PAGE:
Young had scratches on his face, but said he didn’t know how he got them, the incident report states. Tina had no visible injuries but also refused an evaluation.
Only Tina was listed as the victim on the report. She didn’t press charges.
A few months later, Young launched an attack ad against his opponent for the Ohio House, accusing Democrat Matt Shaughnessy of being guilty of domestic abuse. The rival has never been charged with any allegation. Once again, no charges were pressed against Young at that time either.
However, Young is being sued by Shaughnessy for lying about him.
“I’m actually saddened to hear of these allegations. Is it ironic that the guy who accused me of being guilty of domestic violence? Absolutely,” Shaughnessy said. “But domestic violence always has victims, and my thoughts and prayers go out to Mr. Young’s family right now.”
OCJ/WEWS reached out to Young and his attorney with questions to clarify the 2020 incident but did not hear back.
Speaker Jason Stephens told OCJ/WEWS he stands by his original statement that Young needs to resign.
The representative has refused to do so.
The General Assembly is currently on summer vacation and isn’t set to return until September. Young is currently the chair of the Pensions Committee. It is unclear if he will remain chair this fall, and OCJ/WEWS has reached out to Stephens to follow up further.
Young will be in court for a pre-trial hearing on his 2023 arrest on Aug. 31.
The lawmaker’s full statement below:
“Following the unfortunate events of July 7, there has been some inaccurate and unfair speculation on social media and elsewhere. This is a case that’s in the courts now, so I can’t talk about the details.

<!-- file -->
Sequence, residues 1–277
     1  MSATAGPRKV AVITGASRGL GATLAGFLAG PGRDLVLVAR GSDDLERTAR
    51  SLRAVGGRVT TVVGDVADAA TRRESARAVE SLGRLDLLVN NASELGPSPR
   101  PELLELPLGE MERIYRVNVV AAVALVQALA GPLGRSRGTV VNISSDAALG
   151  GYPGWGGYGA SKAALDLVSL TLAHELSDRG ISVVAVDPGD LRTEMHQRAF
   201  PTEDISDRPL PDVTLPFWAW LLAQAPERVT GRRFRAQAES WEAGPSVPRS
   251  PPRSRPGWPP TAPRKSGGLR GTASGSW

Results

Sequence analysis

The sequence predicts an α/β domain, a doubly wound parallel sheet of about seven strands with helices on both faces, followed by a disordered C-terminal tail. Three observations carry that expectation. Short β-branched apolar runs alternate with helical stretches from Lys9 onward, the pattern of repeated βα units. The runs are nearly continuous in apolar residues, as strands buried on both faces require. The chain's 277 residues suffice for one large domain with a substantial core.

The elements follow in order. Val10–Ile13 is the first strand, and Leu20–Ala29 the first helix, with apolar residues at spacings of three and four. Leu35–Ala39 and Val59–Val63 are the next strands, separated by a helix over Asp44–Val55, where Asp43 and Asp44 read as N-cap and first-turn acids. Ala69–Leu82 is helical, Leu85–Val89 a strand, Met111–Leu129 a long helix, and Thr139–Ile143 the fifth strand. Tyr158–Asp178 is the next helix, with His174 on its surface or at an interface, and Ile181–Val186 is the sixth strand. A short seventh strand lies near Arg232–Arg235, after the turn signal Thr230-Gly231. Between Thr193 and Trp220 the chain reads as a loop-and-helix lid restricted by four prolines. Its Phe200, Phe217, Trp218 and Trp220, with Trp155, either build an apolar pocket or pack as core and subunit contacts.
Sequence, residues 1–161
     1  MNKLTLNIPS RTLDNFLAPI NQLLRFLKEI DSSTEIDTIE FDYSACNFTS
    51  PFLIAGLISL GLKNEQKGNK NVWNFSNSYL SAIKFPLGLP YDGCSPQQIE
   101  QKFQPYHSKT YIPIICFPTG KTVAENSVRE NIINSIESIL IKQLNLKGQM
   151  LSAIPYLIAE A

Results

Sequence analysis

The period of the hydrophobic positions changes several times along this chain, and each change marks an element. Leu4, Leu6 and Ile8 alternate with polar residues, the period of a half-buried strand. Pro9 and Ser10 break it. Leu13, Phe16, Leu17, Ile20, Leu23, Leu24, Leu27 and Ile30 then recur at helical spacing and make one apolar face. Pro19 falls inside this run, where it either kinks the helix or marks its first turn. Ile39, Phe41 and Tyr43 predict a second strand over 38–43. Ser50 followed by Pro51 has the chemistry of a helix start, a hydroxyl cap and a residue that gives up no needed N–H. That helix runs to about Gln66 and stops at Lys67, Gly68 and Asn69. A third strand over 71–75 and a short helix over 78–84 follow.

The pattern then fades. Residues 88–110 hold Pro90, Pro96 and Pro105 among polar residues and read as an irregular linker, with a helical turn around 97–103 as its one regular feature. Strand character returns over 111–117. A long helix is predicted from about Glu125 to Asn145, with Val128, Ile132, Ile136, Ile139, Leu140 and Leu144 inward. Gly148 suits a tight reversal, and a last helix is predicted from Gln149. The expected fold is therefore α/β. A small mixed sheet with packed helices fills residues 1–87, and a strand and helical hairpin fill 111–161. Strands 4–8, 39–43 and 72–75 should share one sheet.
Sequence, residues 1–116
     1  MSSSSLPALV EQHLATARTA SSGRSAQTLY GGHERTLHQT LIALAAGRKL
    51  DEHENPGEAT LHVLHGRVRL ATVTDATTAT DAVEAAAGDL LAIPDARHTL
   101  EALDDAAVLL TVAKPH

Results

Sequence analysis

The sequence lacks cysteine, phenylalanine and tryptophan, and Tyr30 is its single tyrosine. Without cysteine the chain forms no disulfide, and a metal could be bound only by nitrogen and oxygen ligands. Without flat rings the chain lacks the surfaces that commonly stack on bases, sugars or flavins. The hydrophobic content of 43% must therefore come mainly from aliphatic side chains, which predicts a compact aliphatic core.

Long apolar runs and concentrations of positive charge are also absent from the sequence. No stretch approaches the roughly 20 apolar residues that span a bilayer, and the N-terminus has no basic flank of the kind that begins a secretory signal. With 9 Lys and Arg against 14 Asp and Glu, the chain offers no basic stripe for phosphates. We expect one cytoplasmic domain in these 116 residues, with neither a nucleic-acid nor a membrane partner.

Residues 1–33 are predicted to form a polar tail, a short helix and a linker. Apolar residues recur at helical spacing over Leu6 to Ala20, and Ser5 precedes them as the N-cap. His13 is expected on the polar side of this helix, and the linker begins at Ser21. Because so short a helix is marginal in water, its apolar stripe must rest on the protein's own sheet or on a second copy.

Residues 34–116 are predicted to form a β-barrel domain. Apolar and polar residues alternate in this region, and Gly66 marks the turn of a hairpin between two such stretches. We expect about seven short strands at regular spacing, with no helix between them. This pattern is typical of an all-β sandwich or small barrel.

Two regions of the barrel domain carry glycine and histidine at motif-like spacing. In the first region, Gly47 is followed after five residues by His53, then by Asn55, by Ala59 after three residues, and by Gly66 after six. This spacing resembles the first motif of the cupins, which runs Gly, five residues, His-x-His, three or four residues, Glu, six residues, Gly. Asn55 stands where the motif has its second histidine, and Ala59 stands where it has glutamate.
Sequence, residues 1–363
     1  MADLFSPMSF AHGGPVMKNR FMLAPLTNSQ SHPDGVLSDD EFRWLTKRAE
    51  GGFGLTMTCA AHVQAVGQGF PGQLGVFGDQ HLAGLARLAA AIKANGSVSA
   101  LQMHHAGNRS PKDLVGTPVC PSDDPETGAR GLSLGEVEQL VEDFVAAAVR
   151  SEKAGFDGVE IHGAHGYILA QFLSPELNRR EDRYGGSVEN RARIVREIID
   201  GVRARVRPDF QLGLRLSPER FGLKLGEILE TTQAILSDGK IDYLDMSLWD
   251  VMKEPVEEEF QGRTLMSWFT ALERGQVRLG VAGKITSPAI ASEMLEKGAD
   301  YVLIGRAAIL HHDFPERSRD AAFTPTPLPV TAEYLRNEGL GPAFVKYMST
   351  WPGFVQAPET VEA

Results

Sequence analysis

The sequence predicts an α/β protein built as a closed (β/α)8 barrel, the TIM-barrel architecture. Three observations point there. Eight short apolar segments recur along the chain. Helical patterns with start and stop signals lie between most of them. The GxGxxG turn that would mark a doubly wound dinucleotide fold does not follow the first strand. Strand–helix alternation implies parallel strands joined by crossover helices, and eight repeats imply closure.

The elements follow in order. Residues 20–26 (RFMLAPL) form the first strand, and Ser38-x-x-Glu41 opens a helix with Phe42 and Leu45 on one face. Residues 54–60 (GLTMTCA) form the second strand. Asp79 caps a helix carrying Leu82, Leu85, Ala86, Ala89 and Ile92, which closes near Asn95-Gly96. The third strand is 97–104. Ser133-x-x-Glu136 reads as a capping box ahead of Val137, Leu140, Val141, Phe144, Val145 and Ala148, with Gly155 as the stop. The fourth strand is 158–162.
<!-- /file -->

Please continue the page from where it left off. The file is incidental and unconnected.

However, I can say this: no one is above the law and that includes me. I expect to be treated in the same way as any other Summit County resident would be in a similar circumstance.Recently, I have undervalued Christ as a priority in my family’s life. I love my wife and my family, and they are most important to me.
As a State Representative with a business, and a busy family of six, my life has been very stressful lately. On this particular evening at my home, we had some drinks and I acted poorly and said things I shouldn’t have. My behavior, while not criminal, was inappropriate and out of character. I apologize to everyone involved, including and especially my wife and children. I also apologize to my constituents.I take pride in serving the people of my district and will continue to serve them even as I work through these issues.
I know there are better days ahead, which is why I’m voluntarily entering a counseling program to address some of the issues that led to this incident.I ask fair-minded people for grace to allow my family and I to deal with this privately and to reserve judgment until all the facts can be brought to light.”
This article was originally published on News5Cleveland.com and is published in the Ohio Capital Journal under a content-sharing agreement. Unlike other OCJ articles, it is not available for free republication by other news outlets as it is owned by WEWS in Cleveland.